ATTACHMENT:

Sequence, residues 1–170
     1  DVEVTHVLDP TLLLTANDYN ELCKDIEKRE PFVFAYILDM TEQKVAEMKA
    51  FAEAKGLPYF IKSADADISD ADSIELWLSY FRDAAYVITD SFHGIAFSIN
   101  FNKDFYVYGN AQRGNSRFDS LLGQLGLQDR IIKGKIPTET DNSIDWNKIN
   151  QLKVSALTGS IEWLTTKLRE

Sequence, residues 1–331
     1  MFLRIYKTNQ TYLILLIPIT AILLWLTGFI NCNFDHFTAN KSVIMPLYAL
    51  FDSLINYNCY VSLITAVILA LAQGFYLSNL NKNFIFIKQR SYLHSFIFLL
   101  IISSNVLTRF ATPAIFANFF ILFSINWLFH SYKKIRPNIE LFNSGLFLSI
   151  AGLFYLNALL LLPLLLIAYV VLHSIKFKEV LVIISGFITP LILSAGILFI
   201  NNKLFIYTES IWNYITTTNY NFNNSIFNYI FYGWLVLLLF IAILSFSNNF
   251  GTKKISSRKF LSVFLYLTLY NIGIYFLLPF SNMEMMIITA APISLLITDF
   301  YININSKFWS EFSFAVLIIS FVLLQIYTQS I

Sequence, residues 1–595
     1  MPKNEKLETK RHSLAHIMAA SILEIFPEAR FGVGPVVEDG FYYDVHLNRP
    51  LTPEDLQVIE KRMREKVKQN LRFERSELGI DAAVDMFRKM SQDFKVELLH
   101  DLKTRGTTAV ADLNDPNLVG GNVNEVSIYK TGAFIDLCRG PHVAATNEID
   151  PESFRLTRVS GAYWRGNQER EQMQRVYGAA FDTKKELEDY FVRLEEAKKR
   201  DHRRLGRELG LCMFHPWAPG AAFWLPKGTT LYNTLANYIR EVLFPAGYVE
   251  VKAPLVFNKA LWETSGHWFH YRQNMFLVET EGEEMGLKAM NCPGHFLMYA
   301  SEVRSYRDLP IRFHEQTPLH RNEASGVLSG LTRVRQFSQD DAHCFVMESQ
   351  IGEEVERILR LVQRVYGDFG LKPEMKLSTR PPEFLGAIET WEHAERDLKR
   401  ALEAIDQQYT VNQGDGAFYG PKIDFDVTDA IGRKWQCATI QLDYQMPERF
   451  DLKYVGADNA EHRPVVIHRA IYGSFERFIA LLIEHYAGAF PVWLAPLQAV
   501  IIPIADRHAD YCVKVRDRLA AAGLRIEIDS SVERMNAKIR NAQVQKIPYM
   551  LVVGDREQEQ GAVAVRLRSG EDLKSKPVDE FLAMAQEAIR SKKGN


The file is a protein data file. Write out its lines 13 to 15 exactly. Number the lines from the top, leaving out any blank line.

   301  YININSKFWS EFSFAVLIIS FVLLQIYTQS I

Sequence, residues 1–595
     1  MPKNEKLETK RHSLAHIMAA SILEIFPEAR FGVGPVVEDG FYYDVHLNRP